What is an Attack Vector?
- Learn the concepts of attack vectors, attack surface and payload
- Explore the various types of attack vectors
- Understand how an attack vector is used
To take advantage of vulnerabilities, attackers need a path to launch an exploit. An attack vector is the pathway or method threat actors use to breach a network and overcome any cybersecurity defenses. The vector could take advantage of human errors using a phishing attack or leverage an outdated component on server software that leads to a compromise. To build cybersecurity around attack vectors, you must understand the many ways attackers can compromise a system.
What is the difference between an attack vector, an attack surface, and a payload?
An attack vector is a pathway to an exploit, so it’s a critical component in cybersecurity and building defenses. For example, if your users are unaware of the red flags concerning a phishing attack and your defenses don’t include email filters, attackers could leverage human errors to install malware on the network or steal credentials. Social engineering is another popular attack vector used to convince high-privilege users to send money based on a fraudulent invoice or divulge their network credentials.
Threat actors can spend weeks identifying vulnerabilities and the right attack vector to exploit them. Once the attack vector is identified, it can take even longer to exploit it. Attackers will usually create ways to avoid detection once the attack vector is exploited so that they can steal as much data as possible or deliver the best payload.
Your attack surface is a group of potential risks that could be exploited across the entire environment. When you add more infrastructure to your environment, you add to your attack surface. Cybersecurity experts will advise that you keep your attack surface as small as possible, but some risks are unavoidable. When you must expand your attack surface, cybersecurity defenses are put in place to protect from threats but the risks remain.
Payloads refer to the actions taken by malware or a threat actor. For example, when an attacker installs ransomware on a user computer using a phishing attack, the payload to the organization is encrypted files held hostage until the ransom is paid. Delivering a payload is the final step in a compromise, and it can be minor or extremely damaging to the organization and its data.
Examples of attack vectors
Phishing is one of the most common attack vectors. It’s often combined with social engineering to be the most effective depending on the type of exploit and payload. A phishing attack vector is effective because users are unaware of the numerous red flags in a malicious message. The attacker could include a link to a malicious website, an attachment with a malicious macro, or the attacker could simply pretend to be another user and ask for sensitive information.
A distributed denial-of-service (DDoS) exploits server resources until a botnet used in the attack can crash its services. Large DDoS attacks send gigabytes of data to a targeted server, and renders it unusable. A sophisticated attack can take down critical Internet infrastructure and cause global outages. A denial-of-service (DoS) isn’t always distributed, and some attacks target other services. If an attacker can exploit a vulnerability and interrupt service, they’ve essentially launched a DoS.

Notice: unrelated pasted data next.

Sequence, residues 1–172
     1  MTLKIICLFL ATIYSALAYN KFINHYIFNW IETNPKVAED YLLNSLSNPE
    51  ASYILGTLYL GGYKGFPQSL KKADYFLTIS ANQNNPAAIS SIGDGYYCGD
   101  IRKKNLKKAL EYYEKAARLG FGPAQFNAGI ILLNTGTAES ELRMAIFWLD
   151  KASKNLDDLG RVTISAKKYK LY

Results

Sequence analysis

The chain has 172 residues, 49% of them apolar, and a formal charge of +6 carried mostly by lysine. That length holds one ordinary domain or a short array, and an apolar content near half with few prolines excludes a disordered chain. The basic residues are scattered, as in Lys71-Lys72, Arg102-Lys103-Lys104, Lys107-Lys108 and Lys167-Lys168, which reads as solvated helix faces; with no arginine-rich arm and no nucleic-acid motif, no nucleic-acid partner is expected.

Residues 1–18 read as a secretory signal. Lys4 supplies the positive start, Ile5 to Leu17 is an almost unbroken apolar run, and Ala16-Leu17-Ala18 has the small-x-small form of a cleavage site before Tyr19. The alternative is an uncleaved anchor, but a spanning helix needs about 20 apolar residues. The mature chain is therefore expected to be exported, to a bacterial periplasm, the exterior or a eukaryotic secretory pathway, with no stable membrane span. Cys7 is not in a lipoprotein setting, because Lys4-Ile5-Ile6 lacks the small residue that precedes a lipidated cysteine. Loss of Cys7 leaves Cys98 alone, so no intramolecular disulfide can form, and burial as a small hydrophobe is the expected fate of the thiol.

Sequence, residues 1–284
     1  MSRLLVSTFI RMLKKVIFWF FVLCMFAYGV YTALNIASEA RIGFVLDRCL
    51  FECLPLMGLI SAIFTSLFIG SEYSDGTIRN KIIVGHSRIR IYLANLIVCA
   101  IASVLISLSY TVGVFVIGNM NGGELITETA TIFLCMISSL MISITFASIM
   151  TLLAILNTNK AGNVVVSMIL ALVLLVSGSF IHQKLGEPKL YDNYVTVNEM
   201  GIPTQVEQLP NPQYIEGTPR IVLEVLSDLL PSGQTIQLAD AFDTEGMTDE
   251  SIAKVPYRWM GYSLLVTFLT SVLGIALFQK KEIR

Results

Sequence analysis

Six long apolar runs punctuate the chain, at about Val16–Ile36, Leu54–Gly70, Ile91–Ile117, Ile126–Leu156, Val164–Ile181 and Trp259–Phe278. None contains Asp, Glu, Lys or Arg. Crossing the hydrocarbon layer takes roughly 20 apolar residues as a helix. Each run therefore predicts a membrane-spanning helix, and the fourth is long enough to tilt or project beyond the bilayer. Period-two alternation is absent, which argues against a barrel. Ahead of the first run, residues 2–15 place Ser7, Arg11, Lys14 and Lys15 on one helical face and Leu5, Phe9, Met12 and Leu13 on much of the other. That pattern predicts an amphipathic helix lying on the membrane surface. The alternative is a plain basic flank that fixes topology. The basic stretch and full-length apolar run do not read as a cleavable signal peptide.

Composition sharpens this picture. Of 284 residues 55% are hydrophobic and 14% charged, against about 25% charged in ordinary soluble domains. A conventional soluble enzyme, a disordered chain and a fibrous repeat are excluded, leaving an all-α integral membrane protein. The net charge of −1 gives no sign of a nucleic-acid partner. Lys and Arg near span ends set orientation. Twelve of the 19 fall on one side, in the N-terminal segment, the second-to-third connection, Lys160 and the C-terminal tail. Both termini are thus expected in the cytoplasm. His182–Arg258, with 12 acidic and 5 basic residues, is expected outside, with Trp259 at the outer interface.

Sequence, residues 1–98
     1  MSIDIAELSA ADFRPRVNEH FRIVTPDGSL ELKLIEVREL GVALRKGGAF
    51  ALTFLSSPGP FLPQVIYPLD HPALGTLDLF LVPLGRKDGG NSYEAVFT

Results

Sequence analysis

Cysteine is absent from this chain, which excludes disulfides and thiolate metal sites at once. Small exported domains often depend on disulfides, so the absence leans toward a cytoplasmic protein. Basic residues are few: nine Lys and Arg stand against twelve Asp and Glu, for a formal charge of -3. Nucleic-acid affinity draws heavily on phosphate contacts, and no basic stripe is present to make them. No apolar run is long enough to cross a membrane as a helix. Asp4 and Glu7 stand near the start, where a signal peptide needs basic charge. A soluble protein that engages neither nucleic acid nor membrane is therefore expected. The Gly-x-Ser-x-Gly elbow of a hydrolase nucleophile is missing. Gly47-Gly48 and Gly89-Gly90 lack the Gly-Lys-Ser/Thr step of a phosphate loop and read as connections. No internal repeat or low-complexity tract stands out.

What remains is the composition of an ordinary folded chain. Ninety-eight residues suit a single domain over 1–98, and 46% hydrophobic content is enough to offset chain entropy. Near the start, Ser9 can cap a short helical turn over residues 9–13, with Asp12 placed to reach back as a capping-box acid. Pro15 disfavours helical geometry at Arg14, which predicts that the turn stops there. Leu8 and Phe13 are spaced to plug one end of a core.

Web services can be vulnerable to both SQL injection attacks and cross-site scripting (XSS). In a SQL injection attack, a threat actor sends a specially crafted SQL statement (or several statements) to the SQL server that could perform a number of activities on the server. It’s usually sent via input from a web form, but it can be sent using any interface that uses a SQL server as the backend. An attack could inject malicious code into the SQL server tables, dump data to the frontend, and in sophisticated injection elevate user privileges on the database.
Using an XSS attack vector, a threat actor can inject malicious code into the web page and run actions in the context of the user. If an attacker can steal access tokens during an XSS attack, the token can be used to perform actions on behalf of the user. The malicious payload could be added to the database as well. XSS injected onto the page that does not persist is called reflected XSS, but a malicious payload added to the database is called persistent XSS.
What can threat actors do with attack vectors?
Hacking is a business to some threat actors, so their goals are to monetize their efforts. In some cases, the attacker will be a researcher who will notify the business of the vulnerability and help them fix it.
If the attack is done by a malicious threat actor, the attacker could have several goals. In a DDoS, the attacker wants to limit uptime and crash web services. The threat will persist until the organization can mitigate the issue, which costs the organization money for every minute the service is down.
Destruction of data isn’t the only motive. Stealing data is valuable to an attacker. It can be sold on darknet markets or used in identity theft. If an attacker can steal millions of records, each one could be several dollars on darknet markets, making a data breach extremely profitable.
In corporate espionage, an attacker could be hired to steal intellectual property from the organization. The longer an attacker can remain on the network, the more time they have to exfiltrate more information. This is why monitoring your environment is critical in protecting your network and private data.